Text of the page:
|CALENDAR OF ACTIVITIES|
|BILATERAL AND REGIONAL COOPERATION|
|RESOURCES AND DOCUMENTS|
Shared Histories for a Europe without dividing Lines
The launching conference of the new Project "Shared Histories for a Europe without dividing Lines" took place in Oslo on 16 and 17 June 2010. The conference was organised by the Council of Europe in co-operation with the European Wergeland Centre and the support of the Norwegian Ministry of Education.
Interactions and convergences, as much as tensions and conflicts, have left their imprint on the history of Europe’s living space. Despite the great diversity of cultures and identities, its inhabitants after the second world conflict embarked on the process of European co-operation and construction. This was because throughout the course of history the European realm has undergone developments and transformations common to every region and people, the upshot of which has been a freely expressed resolve to build a united future. Our history has made Europe a continent distinctive in the unique combination of our common features and the peculiarities that are the hallmark of each of our countries, continental subsets and also social groups.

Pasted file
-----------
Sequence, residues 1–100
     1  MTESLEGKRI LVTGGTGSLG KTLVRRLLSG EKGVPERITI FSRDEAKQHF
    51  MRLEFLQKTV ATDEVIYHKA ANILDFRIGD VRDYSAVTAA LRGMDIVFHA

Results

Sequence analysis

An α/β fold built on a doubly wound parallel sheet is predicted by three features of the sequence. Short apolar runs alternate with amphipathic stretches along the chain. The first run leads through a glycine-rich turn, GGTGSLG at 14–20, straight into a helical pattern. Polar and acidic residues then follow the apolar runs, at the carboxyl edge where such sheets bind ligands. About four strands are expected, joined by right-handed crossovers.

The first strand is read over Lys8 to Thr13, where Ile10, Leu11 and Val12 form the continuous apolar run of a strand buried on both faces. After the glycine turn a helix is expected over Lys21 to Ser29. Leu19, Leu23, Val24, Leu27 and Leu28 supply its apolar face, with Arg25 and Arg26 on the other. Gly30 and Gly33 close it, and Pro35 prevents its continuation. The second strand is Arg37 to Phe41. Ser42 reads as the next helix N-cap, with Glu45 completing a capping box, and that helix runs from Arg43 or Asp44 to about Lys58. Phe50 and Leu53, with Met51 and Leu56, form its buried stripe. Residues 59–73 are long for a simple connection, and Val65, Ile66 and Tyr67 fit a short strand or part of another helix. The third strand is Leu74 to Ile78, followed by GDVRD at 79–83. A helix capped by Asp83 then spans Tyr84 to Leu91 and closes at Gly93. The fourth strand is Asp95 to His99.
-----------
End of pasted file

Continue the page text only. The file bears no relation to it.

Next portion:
The previous project implemented by the Steering Committee for Education on "The image of the Other in History Teaching" highlighted the implications for politics, the objectives and methodology for teaching history of cultural diversity of European societies, globalisation and the need for accompanying, if necessary, the confidence-building process in post-conflict situations.
On the basis of these assets, the new project addresses three main concerns.
It is initially a question of highlighting the common historical heritage of the member States. In its recitals and more specifically in article 1, the European Cultural Convention of 1954 enables the signatory states to promote shared knowledge of their national history and also to be committed to promoting raised awareness of their common historical heritage.
It is therefore advisable to contribute, through better knowledge of historical interactions and convergences of all kinds, to conflict prevention and support for reconciliation processes;
Finally, it is necessary to continue the dissemination and implementation of the recommendations of the White Paper on Intercultural Dialogue – “Living Together As Equals in Dignity” adopted by the Council of Europe Committee of Ministers in May 2008.
At the end of the project the following materials should be available:
To know more about the project “Shared Histories for a Europe without dividing Lines”